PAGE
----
Freeway commuters have anticipated remedies to Highway 101 traffic backups for decades, and a new fix is on the way soon.
A two-year, $50 million Caltrans project to extend carpool lanes through Novato broke ground on Thursday, and it is expected to reduce driver frustration, vehicle congestion and greenhouse gas emissions.
Several dozen Caltrans officials, construction managers, elected officials and other government leaders were on hand for the traditional golden shovel ceremony at the Park and Ride lot off Rowland Boulevard. The Novato City Council was represented by Carole Dillon-Knutson, and the Marin County Board of Supervisors was represented by District 5’s Judy Arnold. Representatives from the offices of U.S. Rep. Lynn Woolsey, state Sen. Mark Leno and Assemblyman Jared Huffman joined in.
Caltrans District 4 Director Bijan Sartipi provided the basics on the first phase of the Marin Sonoma Narrows Project on Highway 101 that will add 3.2 miles of northbound lane between Highway 37 and Atherton Avenue and 1.6 miles of southbound lane between Novato Creek (between Rowland and De Long) and Highway 37.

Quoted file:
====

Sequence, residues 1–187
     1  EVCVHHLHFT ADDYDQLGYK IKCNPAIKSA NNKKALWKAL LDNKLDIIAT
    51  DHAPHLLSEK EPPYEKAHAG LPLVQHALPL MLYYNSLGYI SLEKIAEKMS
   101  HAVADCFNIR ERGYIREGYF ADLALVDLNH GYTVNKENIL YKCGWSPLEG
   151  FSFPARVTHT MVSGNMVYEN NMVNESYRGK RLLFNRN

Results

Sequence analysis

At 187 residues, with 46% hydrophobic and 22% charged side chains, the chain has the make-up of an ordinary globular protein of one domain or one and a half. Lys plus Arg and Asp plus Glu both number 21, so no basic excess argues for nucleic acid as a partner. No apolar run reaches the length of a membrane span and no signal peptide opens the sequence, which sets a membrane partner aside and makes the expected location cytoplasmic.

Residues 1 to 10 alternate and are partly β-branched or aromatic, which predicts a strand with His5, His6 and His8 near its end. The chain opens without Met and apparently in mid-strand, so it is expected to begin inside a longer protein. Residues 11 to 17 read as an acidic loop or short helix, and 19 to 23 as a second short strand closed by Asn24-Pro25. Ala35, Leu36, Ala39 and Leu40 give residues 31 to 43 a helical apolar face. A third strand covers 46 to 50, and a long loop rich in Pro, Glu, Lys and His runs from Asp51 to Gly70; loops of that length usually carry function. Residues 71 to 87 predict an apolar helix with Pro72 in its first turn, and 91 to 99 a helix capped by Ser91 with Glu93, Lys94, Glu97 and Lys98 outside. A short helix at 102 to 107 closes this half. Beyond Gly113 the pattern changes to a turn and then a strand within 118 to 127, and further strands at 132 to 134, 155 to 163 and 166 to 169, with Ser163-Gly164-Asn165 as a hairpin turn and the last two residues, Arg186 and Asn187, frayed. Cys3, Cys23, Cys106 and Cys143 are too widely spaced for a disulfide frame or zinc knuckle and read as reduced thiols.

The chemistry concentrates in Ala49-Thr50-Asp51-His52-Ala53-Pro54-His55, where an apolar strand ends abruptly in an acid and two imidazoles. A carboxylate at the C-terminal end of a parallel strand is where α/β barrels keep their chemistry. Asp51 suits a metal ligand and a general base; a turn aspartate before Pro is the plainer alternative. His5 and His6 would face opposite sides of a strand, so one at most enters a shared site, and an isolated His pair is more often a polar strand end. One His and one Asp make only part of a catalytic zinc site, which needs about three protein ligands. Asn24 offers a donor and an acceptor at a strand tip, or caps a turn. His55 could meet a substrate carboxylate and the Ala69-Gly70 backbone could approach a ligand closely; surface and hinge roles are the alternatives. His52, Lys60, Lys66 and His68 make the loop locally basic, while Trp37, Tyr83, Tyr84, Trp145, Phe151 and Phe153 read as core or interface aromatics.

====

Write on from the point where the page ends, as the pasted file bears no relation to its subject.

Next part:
The high-occupancy vehicle lanes eventually will be part of a continuous lane between Novato and Mill Valley.
The first phase will have little to do with what local residents call the Narrows — the part of 101 north of Atherton Avenue where three lanes narrow to two. Caltrans knows that is the real bottleneck for those heading toward Petaluma, but the HOV lanes south of there are the first step to traffic relief, officials said. Widening the road between Novato and Petaluma is scheduled to start in a few years.
Of the $50 million for the first phase, $31 million comes from Proposition 1B, approved by voters in 2006 for transportation projects, Caltrans said.